Assemble, Verify and Execute a Program
Assembly program creation
The process of creating an Assembly program goes through the following steps:
- Writing one or more ASCII files (extension .s) containing the source program, using an ordinary text editor.
- Assembly of the source files, and generation of the object files (extension .o), using an assembler.
- Creation, of the executable file, via a linker.
- Verification of operation and correction of any errors, via a debugger.
The Assembler transforms files containing the source program into as many object files containing machine language code. GNU’s Gas Assembler will be used throughout the course.
To assemble a file, you must run the following command:
as -o myfile.o myfile.s
Consult the documentation (man as) for a list of available options.
The linker combines object modules and produces a single executable file. Specifically: it combines the object modules, resolving references to external symbols; it searches for library files containing the external procedures used by the various modules; and it produces a relocatable, executable module. Since linking creates the binary module to be loaded, the operation must be performed even if the program consists of only one object module.
In particular, the
ld linker will be used during this course.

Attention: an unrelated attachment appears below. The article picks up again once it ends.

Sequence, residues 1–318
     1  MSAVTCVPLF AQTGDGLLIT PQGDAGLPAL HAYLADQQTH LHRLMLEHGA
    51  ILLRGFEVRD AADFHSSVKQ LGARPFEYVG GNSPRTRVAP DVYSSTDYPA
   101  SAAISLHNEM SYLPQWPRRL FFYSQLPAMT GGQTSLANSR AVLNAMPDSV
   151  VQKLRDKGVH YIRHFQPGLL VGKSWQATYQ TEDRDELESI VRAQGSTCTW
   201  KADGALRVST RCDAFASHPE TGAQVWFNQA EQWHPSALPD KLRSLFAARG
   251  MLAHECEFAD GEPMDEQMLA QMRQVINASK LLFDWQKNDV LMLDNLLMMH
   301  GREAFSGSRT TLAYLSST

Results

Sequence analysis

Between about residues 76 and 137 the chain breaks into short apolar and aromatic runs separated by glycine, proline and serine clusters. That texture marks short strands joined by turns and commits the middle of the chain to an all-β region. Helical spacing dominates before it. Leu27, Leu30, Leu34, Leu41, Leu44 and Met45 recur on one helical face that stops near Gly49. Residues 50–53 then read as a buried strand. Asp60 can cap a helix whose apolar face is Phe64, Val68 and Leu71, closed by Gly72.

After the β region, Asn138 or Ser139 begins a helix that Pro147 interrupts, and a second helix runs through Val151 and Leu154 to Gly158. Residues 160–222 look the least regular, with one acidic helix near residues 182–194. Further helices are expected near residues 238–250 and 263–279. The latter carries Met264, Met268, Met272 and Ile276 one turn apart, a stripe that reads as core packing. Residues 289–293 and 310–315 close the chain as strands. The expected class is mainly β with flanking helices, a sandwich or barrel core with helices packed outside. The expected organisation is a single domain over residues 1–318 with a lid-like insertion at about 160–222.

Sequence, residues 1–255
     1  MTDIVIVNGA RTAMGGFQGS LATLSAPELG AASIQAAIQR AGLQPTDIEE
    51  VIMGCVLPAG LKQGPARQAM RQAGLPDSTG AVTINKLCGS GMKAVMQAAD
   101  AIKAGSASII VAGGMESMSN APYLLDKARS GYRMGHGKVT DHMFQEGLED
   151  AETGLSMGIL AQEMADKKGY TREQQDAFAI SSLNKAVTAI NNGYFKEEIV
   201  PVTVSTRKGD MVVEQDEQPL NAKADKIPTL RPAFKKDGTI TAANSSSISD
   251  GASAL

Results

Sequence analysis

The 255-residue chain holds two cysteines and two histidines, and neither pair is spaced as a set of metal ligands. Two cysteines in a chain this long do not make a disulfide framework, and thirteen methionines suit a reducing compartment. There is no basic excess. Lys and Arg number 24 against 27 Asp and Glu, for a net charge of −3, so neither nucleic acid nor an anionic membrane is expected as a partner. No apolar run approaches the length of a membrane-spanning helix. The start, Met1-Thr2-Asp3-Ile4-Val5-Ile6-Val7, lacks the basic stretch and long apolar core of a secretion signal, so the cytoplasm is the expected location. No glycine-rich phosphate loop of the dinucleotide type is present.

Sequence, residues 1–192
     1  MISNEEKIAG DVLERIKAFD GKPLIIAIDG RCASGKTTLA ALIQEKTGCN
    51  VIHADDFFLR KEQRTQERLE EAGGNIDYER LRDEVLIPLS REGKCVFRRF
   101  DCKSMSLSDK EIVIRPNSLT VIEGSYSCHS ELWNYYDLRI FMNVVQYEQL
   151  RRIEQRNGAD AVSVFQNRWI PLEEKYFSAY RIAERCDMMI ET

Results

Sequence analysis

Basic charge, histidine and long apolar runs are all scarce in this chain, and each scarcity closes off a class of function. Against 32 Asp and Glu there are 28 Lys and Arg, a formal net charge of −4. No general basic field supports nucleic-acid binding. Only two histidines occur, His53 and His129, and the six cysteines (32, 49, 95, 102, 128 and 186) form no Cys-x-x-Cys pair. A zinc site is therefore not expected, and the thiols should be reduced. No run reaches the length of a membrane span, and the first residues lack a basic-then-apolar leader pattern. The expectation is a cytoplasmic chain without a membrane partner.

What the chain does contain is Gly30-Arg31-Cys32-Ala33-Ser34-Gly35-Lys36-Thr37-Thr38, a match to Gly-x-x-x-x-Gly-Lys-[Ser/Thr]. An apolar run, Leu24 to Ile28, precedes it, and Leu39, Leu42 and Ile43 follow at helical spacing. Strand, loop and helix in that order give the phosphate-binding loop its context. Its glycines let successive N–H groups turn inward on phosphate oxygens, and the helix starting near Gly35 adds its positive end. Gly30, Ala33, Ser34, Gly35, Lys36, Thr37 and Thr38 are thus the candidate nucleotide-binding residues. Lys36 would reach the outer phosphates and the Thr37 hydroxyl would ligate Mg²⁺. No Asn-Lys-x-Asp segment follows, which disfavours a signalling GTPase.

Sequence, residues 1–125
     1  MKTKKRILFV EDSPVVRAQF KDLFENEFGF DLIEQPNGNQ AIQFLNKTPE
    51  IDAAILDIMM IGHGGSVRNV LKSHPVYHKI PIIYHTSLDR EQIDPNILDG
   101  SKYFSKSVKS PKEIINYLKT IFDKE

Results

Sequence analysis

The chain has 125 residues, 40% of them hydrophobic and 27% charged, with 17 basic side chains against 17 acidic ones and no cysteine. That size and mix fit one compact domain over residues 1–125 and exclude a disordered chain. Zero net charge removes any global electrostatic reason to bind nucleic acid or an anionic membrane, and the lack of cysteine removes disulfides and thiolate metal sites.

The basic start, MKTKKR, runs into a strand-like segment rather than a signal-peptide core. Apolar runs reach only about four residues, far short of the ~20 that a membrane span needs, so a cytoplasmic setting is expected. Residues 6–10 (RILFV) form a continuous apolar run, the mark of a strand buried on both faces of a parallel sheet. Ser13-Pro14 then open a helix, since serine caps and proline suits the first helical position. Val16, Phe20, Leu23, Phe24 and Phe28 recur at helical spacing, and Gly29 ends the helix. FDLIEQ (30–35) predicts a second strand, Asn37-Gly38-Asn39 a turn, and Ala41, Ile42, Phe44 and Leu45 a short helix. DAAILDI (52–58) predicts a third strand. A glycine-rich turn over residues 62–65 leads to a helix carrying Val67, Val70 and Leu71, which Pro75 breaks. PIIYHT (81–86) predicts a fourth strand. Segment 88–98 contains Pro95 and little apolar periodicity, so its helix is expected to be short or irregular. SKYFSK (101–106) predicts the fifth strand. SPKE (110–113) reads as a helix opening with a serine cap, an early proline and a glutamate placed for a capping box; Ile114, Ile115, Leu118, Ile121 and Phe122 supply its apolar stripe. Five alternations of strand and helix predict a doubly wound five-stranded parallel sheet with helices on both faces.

To create the executable from an object file, the following command must be executed:
ld -o myfile myfile.o
To learn more about the available options of ld, you can consult the manual.
A debugger is a software tool that allows you to verify the execution of other programs. Its use is indispensable for finding errors (bugs, hence the name debugger) in programs of high complexity. The main features of a debugger are:
- ability to execute the program “step by step”;
- possibility of conditionally stopping program execution by inserting breakpoints (i.e., points at which the execution flow is stopped and control passes to the debugger);
- ability to view and possibly modify the contents of registers and memory.
The most widely used debugger in the Linux environment is gdb. Gdb runs in text mode, so commands are issued through the shell. However, a number of graphical front-ends have been developed to simplify its use, the most popular of which turns out to be
In order to use a debugger, programs must be assembled and linked appropriately using the following command lines:
as –gstabs -o miofile.o miofile.s ld -o miofile miofile.o
-gstab option allows the information needed by the debugger to be placed in the object file, and thus in the executable. To start the gdb run the gdb command. To start ddd run the ddd command.
The following is a table summarizing the most common gdb commands:
|Load debugging program.|
|Sets a breakpoint at the specified line.|
|Executes the program. Program execution pauses when the first breakpoint is reached. In case there are no breakpoints, execution takes place normally, without interruption.|
|Executes the current instruction when program execution is suspended due to a breakpoint being reached. Reiterate the step command to continue executing one instruction at a time.|
|Similar to the step command executes the current instruction, but in the case of a function call, it is executed atomically without displaying the instructions that comprise it.|
|Continues program execution until the next breakpoint.|
|Continues program execution to the end.|
|Displays the contents of the registers.|
|Prints the contents of the |